“Even the wisest mind has something yet to learn.”
Unable to capture a Strawberry Moon, but did capture a Redondo Red Sunset
This past weekend was a Strawberry Moon and a penumbral lunar eclipse, which when this occurs the Sun, Earth, and the Moon are imperfectly aligned. The June full moon also happens to be the last full moon of Spring.
I’m embarrassed to say, I never heard of a Strawberry Moon. So being the curious kitty I am, I educated myself. As I dove deeper into the rabbit whole, I learned that every monthly Full Moon has been given a name to reflect the changing seasons and nature, like Harvest Moon, Strawberry Moon, or Snow Moon.
Native American tribes, named the months after features they associated with the seasons in the Northern Hemisphere, and many of these names are very similar or identical.
Full Moon Names
January Wolf Moon – Named after howling wolves, which may stem from the Anglo-Saxon lunar calendar. Other names: Moon After Yule, Old Moon, Ice Moon, and Snow Moon.
February Snow Moon – Named after the snowy conditions. Some North American tribes named it the Hunger Moon due to the scarce food sources during mid-winter, while other names are Storm Moon and Chaste Moon.
March Worm Moon – Named because of the earthworms that come out at the end of winter. It’s also known as the Crow Moon, Crust Moon, Sap Moon, Sugar Moon, and Chaste Moon.
April Pink Moon – Named for the pink phlox flowers which bloom in the early Spring. Other names for this Full Moon include Sprouting Grass Moon, Fish Moon, Hare Moon, and the Egg Moon.
May Flower Moon – This moon signifies the flowers that bloom during this month. Other names for the Full Moon in May are Corn Planting Moon, and Milk Moon.
June Strawberry Moon – Named so for the wild strawberries that start to ripen during this month. Other names are Hot Moon, Mead Moon, and Rose Moon.
July Buck Moon – Is so named because the new antlers emerge on deer buck’s foreheads around this time. This Full Moon is also known as Thunder Moon, Wort Moon, and Hay Moon.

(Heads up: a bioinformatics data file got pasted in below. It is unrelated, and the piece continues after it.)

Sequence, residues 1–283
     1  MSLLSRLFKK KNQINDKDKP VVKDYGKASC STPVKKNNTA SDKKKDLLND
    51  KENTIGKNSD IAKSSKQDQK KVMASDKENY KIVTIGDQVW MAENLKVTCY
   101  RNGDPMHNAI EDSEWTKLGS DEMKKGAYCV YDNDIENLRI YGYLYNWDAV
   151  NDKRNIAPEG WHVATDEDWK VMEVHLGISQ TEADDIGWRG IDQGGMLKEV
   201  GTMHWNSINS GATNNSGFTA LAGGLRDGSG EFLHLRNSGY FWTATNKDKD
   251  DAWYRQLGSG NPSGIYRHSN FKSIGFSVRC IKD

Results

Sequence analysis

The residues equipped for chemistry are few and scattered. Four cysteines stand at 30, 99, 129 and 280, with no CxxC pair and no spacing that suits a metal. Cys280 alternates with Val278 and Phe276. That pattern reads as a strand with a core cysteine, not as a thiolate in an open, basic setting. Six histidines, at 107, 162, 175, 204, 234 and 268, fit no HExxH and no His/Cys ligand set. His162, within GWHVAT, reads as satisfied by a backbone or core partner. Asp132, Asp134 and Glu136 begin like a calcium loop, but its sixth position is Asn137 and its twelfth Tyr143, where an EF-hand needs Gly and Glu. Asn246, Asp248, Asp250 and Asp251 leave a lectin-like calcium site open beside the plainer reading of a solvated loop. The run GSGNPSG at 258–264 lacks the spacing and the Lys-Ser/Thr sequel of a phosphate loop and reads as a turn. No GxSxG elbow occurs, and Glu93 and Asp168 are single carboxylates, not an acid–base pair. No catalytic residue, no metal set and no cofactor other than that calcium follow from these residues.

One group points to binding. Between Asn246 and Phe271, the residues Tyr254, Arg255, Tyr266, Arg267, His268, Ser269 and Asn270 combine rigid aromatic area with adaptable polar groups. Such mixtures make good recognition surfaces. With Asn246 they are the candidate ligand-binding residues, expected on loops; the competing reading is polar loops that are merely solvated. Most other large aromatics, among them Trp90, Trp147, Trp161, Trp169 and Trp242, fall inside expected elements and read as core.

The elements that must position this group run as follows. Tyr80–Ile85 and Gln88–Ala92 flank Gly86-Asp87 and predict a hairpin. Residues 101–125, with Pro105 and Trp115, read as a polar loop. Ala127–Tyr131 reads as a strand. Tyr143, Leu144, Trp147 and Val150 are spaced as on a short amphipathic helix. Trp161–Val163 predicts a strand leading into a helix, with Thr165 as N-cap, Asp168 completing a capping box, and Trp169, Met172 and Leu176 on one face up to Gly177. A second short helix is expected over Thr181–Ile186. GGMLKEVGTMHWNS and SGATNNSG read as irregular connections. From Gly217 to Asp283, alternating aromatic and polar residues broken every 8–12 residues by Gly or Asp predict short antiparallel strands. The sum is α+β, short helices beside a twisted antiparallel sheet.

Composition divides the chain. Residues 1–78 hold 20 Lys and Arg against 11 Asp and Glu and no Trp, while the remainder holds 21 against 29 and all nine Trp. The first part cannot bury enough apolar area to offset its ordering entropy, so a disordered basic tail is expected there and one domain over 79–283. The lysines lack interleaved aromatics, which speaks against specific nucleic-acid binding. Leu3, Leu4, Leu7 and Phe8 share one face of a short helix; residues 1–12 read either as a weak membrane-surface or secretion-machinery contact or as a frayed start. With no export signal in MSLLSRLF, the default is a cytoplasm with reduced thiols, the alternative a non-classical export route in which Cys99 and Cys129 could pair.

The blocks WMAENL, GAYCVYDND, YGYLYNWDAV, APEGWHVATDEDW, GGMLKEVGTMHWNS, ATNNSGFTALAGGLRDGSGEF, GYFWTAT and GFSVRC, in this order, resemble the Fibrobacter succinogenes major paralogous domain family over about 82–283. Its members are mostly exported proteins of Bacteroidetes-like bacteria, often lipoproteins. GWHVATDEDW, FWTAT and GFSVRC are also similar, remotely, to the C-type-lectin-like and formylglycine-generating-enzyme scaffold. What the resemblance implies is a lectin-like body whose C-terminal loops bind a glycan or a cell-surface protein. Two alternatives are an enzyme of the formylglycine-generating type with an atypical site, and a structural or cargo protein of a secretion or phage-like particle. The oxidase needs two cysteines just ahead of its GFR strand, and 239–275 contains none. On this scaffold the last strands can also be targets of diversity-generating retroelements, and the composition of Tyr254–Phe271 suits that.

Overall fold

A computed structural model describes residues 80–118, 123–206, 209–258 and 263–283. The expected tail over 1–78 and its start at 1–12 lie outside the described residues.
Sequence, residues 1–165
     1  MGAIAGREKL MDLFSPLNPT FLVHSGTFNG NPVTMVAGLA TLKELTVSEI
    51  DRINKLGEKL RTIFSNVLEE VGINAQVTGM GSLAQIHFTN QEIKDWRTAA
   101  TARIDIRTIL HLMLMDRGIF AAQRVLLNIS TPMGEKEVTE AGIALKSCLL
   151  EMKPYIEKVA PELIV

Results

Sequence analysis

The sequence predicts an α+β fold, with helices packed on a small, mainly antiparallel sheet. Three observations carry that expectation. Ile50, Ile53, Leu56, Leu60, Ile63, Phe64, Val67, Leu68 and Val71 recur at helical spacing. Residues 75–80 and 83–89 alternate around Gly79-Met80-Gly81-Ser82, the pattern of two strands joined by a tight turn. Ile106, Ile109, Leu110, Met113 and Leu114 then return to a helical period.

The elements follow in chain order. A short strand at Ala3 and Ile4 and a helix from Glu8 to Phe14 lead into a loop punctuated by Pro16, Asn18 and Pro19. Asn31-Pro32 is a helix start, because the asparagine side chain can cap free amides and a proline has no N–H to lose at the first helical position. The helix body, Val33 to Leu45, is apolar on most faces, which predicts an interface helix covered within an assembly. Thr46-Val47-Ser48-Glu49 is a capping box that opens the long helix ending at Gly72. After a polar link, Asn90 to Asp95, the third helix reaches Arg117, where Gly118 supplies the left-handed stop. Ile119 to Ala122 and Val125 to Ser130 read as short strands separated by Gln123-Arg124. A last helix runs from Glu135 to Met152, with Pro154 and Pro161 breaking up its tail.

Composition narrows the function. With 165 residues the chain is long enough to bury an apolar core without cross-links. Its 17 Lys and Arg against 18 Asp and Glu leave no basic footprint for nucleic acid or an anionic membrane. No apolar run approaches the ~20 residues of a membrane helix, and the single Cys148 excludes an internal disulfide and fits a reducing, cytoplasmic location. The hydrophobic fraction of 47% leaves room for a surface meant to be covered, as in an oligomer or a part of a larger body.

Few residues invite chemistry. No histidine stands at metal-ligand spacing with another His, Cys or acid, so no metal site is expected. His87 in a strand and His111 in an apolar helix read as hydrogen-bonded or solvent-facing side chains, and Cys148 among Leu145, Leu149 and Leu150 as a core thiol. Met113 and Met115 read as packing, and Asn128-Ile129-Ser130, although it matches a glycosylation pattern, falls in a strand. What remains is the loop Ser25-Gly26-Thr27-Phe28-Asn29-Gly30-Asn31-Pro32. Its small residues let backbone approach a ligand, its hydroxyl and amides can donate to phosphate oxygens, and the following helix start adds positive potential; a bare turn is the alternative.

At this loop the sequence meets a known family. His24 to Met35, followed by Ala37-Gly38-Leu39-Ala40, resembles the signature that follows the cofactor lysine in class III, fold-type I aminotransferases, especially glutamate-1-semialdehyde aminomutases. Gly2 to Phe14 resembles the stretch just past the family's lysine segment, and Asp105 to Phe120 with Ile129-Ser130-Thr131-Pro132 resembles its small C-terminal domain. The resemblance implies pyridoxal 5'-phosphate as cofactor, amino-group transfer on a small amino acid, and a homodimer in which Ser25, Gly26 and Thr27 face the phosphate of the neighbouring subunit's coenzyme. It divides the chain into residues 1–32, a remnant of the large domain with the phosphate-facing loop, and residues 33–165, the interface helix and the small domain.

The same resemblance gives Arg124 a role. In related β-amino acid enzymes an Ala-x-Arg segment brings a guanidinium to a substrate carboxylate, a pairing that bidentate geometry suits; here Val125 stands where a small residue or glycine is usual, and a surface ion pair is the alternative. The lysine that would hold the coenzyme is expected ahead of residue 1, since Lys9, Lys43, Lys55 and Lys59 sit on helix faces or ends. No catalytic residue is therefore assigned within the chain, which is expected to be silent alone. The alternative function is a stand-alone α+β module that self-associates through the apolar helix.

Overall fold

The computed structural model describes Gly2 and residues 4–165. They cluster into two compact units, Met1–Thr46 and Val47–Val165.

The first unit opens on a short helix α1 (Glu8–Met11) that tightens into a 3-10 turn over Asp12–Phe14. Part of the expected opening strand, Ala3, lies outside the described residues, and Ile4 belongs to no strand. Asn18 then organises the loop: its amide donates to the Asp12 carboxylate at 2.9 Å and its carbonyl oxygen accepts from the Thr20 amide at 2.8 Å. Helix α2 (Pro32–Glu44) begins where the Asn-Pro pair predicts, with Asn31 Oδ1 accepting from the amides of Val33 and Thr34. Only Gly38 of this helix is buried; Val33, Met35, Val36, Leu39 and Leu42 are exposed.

August Sturgeon Moon – Named because of the large number of fish in the lakes where the Algonquin tribes fished. Other names for this Full Moon include Green Corn Moon, Barley Moon, Fruit Moon, and Grain Moon.
September Full Harvest Moon – Technically, the Harvest Moon is the Full Moon closest to the September equinox around September 22. Most years it is in September, but around every three years, it is in October. The Harvest Moon is the only Full Moon name which is determined by the equinox rather than a month.
October Hunter’s Moon – Every three years, the Hunter’s Moon is also the Harvest Moon. Traditionally, people in the Northern Hemisphere spent the month of October preparing for the coming winter by hunting, slaughtering and preserving meats for use as food.
November Beaver Moon – According to folklore, the Full Moon in November is named after beavers who become active while preparing for the winter. It is also known as Frosty Moon, and along with the December Full Moon some called it Oak Moon. Traditionally, if the Beaver Moon is the last Full Moon before the winter solstice, it is also called the Mourning Moon.
December Cold Moon – Is the Full Moon when winter begins for most of the Northern Hemisphere.
Some years have 13 Full Moons, which makes at least one of them a Blue Moon, as it doesn’t quite fit in with the traditional Full Moon naming system. However, this is not the only definition of a Blue Moon.
About every 19 years, there is no Full Moon in February. This is one of several definitions of the term Black Moon. The other definitions refer to a New Moon which does not fit in with the equinoxes or solstices, similar to a Blue Moon.
Colonial Americans adopted many of the Native American names and have since incorporated them into the modern calendar.
Sorry for the long post today fellow Blogaholics, but I like to try and learn something new daily.